SAICA has prepared an in-depth analysis of the Budget, which can be found here. A few of those analyses are set out briefly below. In addition, a dedicated Budget microsite has been created which includes pre-budget and post-budget commentary.
Trust and consensus to refuel the tank
Every year for at least the last 13 years ‘this year’s’ budget was labelled as the most important. This year is different, as many more lives depend on ‘the Plan’ and ‘the Budget’. The COVID-19 pandemic has made it glaringly clear that both ‘the Plan’ and ‘the Budget’ need a rethink and that some serious questions need answers.
As processes attempting to ensure accountability, efficiency and transparency have been treated with disdain over the years, it has become commonplace for courts to express judgment on the failures of those who have abdicated their constitutional and legal obligations of oversight and dubbed them ‘constitutional delinquents’. What we are witnessing is the breakdown of trust in government and its ability to meet its constitutional mandate. Globally, the pandemic has eroded even further the trust society has in others, but particularly that trust which society has in government’s ability − the same applies to South Africa.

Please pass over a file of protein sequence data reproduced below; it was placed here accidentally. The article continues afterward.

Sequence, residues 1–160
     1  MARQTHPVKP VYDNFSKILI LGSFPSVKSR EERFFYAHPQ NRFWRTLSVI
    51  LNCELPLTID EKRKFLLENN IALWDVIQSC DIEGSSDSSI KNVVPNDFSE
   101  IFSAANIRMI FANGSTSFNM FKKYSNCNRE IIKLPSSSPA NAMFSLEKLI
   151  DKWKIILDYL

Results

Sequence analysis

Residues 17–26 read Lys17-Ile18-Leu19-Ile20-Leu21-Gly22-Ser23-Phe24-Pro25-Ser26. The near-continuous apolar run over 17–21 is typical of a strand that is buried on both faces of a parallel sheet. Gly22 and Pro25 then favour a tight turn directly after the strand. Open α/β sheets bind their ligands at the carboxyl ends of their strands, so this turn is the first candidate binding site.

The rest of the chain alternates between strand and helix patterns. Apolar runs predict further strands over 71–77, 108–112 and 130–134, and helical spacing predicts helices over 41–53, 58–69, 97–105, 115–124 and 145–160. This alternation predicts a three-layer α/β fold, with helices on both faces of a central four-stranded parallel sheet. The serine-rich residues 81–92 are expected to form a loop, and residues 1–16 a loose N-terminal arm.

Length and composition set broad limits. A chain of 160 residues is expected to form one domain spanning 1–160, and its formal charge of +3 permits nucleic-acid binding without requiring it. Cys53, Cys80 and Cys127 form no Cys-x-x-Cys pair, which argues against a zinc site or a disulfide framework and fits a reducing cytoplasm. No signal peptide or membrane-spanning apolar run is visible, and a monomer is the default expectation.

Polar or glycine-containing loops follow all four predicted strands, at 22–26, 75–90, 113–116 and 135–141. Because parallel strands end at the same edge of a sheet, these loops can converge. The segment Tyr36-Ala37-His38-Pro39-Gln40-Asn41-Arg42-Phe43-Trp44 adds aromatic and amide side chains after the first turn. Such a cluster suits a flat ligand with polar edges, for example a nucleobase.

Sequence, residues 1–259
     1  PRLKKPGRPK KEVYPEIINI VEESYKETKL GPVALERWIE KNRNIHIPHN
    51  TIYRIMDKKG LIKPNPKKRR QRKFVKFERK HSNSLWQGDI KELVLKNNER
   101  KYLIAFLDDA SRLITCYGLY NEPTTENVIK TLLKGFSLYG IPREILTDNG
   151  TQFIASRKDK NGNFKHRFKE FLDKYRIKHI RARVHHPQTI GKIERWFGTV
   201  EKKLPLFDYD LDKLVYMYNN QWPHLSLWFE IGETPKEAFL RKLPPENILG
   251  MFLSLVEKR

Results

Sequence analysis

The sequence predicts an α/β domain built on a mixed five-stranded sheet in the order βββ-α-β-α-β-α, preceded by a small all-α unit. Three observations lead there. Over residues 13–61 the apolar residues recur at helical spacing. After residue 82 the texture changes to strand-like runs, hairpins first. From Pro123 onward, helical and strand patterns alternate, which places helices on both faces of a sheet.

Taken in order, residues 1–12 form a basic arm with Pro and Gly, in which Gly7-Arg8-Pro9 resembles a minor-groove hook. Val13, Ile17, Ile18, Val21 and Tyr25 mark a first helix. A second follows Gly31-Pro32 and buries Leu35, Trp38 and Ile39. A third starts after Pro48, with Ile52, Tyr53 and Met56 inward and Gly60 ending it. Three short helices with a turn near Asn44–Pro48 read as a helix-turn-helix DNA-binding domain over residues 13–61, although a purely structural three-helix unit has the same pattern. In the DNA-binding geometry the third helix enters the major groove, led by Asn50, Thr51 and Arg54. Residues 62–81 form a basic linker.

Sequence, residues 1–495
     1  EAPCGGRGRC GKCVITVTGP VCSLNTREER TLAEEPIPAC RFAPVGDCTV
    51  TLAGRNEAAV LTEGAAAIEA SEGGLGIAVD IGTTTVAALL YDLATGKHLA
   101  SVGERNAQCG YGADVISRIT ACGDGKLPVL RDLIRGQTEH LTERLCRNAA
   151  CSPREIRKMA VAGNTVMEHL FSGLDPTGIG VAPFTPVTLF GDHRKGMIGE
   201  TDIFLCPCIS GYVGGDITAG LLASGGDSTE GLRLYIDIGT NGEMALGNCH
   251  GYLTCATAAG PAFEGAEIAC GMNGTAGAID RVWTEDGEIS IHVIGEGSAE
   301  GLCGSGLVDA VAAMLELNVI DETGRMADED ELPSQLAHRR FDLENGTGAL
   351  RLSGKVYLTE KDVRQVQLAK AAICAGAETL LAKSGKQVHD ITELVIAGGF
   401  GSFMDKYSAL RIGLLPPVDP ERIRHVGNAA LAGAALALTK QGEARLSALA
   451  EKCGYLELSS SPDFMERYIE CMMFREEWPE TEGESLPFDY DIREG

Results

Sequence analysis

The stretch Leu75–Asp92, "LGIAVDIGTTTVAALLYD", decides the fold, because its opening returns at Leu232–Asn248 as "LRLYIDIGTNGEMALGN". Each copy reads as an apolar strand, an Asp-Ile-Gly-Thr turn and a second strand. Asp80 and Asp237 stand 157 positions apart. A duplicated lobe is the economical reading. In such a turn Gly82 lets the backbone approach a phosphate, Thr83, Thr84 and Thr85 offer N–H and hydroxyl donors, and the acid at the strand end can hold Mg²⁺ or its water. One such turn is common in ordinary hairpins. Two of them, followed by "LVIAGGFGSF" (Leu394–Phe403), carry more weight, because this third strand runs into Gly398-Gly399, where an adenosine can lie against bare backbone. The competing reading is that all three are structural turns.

Following on from trusting each other is a lack of consensus.
In 2017, the Parliamentary Standing Committee on Finance challenged civil society to give input on how to grow the economy. SAICA took up this challenge and identified that the lack of consensus and accountability underpinned growing the economy and undermined interventions planned for its revival. In 2018, SAICA presented the SAICA 7 as critical consensus items to rebuild the economy, which consensus items were reiterated in 2020. SAICA considered three of the SAICA 7, namely accountability, education and crime, in more detail in this year’s analysis.